On a typically sunny Orlando afternoon in January 2006, an accountant named Paul Glover arrived at the ragtime-themed offices of Trans Continental Enterprises, a collection of travel, entertainment, restaurant, and retail operations presided over by fifty-one-year-old boy band impresario Lou Pearlman. He walked past a flowing indoor fountain beneath authentic World War I planes hanging from the ceiling and rode a glass elevator to the third floor, filed past gold records and framed accolades touting the successes of Pearlman's various pop groups, and nestled into Lou's corner office, the one with the faux-tiger rug and electric draperies that opened to a panorama of downtown Orlando—"O-Town," as Lou had rechristened it when he put it on the international entertainment map. The middle-aged mogul had burst into prominence in the '90s, back-dooring his way to the top of the pop charts with bubblegum acts Backstreet Boys and *NSYNC, followed by O‑Town, LFO, Natural, Take 5, US5, Aaron Carter, and more. To frame it in the simplest present pop cultural terms: Without Lou Pearlman, there would be no Making the Band, no Lance Bass or bestselling Lance Bass book Out of Sync, no FutureSex/LoveSounds or other albums from Justin Timberlake, no Aaron or Nick Carter public train wrecks to gawk at—a horrific alternate dimension for millions of pop culture consumers. More than anything, though, he scored the soundtrack for the coming of age of an entire generation. He beat impossible odds in the entertainmentbusiness not once but twice, doing as a lone entrepreneur what entire music conglomerates couldn't. He shattered sales and revenue records with his seminal quintet, Backstreet Boys, then he trolled Central Florida's pool of Disney darlings (and scoured the back burghs and hollows of Mississippi) to do it all over again with *NSYNC. As one record executive put it, "It was like finding a needle in the haystack . . . twice." But Glover didn't come for an autograph. He was sent to save Lou from financial ruin—and maybe jail. As it turned out, the only thing more astonishing than the unlikely fame and decades-long success of the boy band Svengali was the monumental fraud that underscored it.
Born on June 19, 1954, in Flushing, Queens, Lou Pearlman grew up on the third floor of a different kind of complex, a modest elevator building in Mitchell Gardens, a brown brick, middle-class cluster of high-rises set apart from the big city by open spaces and green lawns. He was his mother's son. Reenie Pearlman had him well into her thirties, and once she brought Lou into the world, she was sure to keep him happy and well fed. His father was the late-'50s model of a working-class family provider, Ward Cleaver with a Queens accent (and a dark streak). He ran a humble custom dry-cleaning business and even taught Lou the merits of customer satisfaction—and the best places to feast on roadside meals—on dry-cleaning delivery ride-alongs, his version of quality time.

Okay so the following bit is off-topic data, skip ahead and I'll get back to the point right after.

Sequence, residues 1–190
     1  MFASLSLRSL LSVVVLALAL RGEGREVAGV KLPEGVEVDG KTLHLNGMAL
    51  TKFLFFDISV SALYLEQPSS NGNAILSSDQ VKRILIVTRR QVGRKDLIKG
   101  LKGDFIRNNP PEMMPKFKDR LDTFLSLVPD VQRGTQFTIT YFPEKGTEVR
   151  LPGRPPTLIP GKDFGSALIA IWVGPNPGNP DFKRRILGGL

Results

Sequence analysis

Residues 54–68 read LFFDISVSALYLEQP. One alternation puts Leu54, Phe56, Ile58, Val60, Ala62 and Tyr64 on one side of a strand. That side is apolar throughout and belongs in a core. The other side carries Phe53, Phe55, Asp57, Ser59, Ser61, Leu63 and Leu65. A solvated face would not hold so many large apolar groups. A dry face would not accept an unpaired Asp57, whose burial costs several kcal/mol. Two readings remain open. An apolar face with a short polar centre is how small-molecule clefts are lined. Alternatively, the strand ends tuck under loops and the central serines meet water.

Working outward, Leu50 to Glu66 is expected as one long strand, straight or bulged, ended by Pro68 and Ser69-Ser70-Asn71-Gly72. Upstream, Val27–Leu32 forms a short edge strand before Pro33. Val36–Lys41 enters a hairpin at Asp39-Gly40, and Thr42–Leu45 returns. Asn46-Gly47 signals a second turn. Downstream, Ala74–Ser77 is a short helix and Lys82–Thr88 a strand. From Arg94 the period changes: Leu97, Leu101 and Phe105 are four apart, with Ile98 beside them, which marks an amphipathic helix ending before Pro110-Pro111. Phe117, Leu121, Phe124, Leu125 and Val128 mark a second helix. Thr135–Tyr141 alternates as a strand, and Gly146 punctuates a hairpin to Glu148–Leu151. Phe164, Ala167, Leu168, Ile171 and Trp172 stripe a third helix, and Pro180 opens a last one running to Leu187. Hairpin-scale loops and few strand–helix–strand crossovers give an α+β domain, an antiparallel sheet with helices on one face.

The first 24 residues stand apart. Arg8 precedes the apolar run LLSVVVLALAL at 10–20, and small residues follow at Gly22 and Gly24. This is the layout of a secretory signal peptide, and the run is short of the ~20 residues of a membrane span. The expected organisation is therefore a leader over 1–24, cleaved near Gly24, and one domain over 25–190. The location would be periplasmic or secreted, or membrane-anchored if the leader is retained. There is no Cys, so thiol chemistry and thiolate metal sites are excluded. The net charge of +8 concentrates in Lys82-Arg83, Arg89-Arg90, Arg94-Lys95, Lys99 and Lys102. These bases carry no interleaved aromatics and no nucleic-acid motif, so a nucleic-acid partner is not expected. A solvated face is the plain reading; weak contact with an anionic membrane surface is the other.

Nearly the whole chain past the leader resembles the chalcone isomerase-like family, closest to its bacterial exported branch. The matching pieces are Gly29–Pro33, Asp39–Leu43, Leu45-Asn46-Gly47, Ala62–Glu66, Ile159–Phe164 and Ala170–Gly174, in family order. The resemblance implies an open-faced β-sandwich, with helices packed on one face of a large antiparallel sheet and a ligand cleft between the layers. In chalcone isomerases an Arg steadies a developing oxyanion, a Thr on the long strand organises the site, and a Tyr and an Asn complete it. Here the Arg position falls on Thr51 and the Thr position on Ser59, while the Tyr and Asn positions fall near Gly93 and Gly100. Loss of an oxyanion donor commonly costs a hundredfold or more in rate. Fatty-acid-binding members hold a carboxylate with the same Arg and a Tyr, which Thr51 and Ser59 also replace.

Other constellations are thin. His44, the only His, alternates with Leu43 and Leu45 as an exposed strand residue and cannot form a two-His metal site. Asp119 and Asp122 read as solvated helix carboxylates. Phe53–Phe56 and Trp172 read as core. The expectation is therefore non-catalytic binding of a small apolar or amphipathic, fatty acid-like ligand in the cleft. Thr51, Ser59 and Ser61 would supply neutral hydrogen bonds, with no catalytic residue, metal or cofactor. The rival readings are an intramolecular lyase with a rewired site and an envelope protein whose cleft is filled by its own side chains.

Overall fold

By age nine, Lou had styled himself as an entrepreneur, too, the proprietor of a lemonade stand by a neighborhood bus stop. In the years that followed he assumed the roles of hustling paper delivery boy, math nerd, "helium head" (slang for a blimp groupie), and onetime guitarist turned manager of a successful local rock band called Flyer. Music, he would frequently say, ran in his family—he's folksinger Art Garfunkel's first cousin. While other kids played stickball and chased girls, Lou retreated indoors, where he created fantasy worlds and fake businesses, usually involving rock 'n' roll or airships, and he made himself a fabulous player in them all. He studied accounting at Queens College, where he breezed through classes and formed the ideas for his first real business—a helicopter commuter service—as a final project. After graduating he started the helicopter service, then a fledgling charter airplane business, both run from his Mitchell Gardens home base. Then, as the helicopter service merged with a larger company and the airline business took off, Lou finally moved out of his parents' place and built his first blimp. In reality, he was never the sky captain he made himself out to be. In 1981, Lou's first airship crashed. In the years that followed he wrecked three more. After each, he pocketed insurance money for his next move, and his blimp company even went public, but it was his private airline company, Trans Continental Airlines, and its travel service that funded dozens of other air transport, food, and entertainment ventures in Lou's Trans Con empire.
By 1991, the boy from Flushing had outgrown Queens. He moved a ragtag but loyal cadre of workers to Orlando, Florida, where the climate was friendlier for both flying and reinventing oneself in a swashbuckling style. A malleable media came to know Lou as a jovial merchant prince who'd banked his first million by age twenty-one and his first $400 million by age twenty-four. At home in Mickey Mouse's backyard and approaching forty, Pearlman plunked down millions of dollars—or wrangled investors who helped him cover the tab—to make Backstreet Boys pop stars. When Lou did finally crack the code in the entertainment business, pop music would never be the same.The Hit Charade
Lou Pearlman, Boy Bands, and the Biggest Ponzi Scheme in U.S. History. Copyright © by Tyler Gray. Reprinted by permission of HarperCollins Publishers, Inc. All rights reserved. Available now wherever books are sold.